I found this beautiful description of the Snaefells Glacier in Halldor Laxness's novel Under the Glacier (first published in Iceland in 1968). I particularly like the closing lines which describe glacial ice as looking like a print - a nice reversal of my daily attempts to make prints which look like glacial ice.
"... The undersigned began to contemplate the glacier. In actual fact the glacier is too simple a sight to appertain to what is called beautiful, which no one knows the meaning of and by which everyone means something different from everyone else: one of those words it is safer to not use about a glacier nor anything else.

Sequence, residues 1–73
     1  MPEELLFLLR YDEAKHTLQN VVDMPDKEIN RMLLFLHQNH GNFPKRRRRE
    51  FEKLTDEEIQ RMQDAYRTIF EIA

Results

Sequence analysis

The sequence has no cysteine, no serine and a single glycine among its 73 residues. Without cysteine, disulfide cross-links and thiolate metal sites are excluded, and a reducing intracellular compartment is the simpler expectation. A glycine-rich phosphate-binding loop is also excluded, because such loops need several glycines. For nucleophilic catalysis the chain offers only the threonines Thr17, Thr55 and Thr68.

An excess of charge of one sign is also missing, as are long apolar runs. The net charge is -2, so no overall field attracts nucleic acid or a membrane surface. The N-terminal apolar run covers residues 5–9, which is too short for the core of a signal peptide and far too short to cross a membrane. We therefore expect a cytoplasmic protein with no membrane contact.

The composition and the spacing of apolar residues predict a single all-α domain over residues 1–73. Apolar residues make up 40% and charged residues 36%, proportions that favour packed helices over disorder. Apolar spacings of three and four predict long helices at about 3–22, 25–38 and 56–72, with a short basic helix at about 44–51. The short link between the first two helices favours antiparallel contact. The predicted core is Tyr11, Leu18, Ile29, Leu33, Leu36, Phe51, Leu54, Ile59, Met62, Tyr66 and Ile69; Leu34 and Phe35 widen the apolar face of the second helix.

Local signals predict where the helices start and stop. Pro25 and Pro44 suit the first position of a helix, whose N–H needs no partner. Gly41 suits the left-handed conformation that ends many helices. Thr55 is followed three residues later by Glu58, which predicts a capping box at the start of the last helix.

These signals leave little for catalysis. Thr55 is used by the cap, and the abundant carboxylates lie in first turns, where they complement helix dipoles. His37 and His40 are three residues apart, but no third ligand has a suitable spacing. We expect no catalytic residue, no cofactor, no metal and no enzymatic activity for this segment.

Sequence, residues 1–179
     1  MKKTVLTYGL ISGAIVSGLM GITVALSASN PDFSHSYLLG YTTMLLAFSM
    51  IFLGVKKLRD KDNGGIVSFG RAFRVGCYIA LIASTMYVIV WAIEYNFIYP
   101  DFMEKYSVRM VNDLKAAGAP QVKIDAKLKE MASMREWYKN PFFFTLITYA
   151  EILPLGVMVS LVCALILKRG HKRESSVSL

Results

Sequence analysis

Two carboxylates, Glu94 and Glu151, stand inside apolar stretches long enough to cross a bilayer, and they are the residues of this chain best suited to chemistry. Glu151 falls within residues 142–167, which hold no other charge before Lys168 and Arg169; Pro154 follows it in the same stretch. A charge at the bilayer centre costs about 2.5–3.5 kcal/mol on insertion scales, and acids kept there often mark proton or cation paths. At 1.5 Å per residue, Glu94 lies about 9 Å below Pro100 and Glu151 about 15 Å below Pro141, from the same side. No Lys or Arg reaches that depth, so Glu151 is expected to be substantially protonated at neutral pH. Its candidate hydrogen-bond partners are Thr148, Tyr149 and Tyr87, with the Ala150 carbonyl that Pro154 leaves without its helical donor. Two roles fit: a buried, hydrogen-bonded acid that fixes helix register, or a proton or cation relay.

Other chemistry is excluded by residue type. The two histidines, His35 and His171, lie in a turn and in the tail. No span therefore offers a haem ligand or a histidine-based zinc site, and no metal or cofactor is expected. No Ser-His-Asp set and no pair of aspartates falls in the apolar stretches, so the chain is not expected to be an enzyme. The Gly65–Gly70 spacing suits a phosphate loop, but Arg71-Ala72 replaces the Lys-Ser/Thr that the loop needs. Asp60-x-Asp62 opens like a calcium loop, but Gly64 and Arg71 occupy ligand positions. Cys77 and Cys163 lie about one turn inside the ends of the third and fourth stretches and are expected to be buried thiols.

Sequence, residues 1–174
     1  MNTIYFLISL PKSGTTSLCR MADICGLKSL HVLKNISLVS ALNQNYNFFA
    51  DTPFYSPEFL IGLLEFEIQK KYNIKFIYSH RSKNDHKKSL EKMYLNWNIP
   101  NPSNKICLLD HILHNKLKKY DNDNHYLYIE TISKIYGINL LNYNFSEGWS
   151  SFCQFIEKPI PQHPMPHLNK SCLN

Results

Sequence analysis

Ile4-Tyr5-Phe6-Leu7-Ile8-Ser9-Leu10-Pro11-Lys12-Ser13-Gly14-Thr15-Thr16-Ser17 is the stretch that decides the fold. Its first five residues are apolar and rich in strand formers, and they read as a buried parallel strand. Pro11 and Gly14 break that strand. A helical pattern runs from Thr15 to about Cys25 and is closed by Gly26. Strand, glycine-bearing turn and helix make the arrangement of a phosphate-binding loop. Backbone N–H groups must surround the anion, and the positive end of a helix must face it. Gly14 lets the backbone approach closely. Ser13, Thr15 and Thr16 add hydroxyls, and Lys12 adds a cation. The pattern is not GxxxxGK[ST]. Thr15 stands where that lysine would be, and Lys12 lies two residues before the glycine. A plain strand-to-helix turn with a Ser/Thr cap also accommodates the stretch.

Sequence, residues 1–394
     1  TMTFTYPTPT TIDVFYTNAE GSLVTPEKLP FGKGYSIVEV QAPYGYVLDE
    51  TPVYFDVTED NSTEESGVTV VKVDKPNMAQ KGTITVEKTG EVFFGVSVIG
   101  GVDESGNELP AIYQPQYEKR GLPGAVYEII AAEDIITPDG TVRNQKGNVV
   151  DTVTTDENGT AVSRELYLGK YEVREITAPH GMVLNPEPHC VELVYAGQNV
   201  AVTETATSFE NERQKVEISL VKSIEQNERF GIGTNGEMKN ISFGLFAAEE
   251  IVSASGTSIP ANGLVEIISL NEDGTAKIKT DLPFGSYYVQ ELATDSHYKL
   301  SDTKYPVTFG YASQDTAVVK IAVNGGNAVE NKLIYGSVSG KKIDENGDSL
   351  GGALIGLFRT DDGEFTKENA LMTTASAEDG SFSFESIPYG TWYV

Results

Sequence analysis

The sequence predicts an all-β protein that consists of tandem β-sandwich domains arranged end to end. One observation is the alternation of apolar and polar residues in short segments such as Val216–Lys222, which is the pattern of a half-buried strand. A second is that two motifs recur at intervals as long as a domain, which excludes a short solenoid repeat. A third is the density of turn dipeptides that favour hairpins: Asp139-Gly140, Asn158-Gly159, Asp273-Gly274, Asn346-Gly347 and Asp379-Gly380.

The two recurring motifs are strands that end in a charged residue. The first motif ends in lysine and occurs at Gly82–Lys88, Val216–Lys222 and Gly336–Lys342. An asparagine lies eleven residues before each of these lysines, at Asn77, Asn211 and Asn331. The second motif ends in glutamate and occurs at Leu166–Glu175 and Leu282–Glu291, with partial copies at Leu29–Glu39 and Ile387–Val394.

"The undersigned has never before seen this mountain glacier except from too far away, but was now about to become acquainted with it for a while. The mountain reminds one of an upturned earthenware bowl, the glazing a little bluish at times, but sometimes like gold-rimmed transparent Chinese porcelain, especially if the sun is low in the west over the sea, because then the rays play on the glacier from two directions. From here the glacier looks somewhat coarse-grained like a print that isn't good enough; the ice is rain-sullied in many places in the lower regions, and has developed streaks like a smudged print."
(Translated by Magnus Magnusson)
There's more on the novel itself in a great review by Niranjana Iyer over at the blog Brown Paper.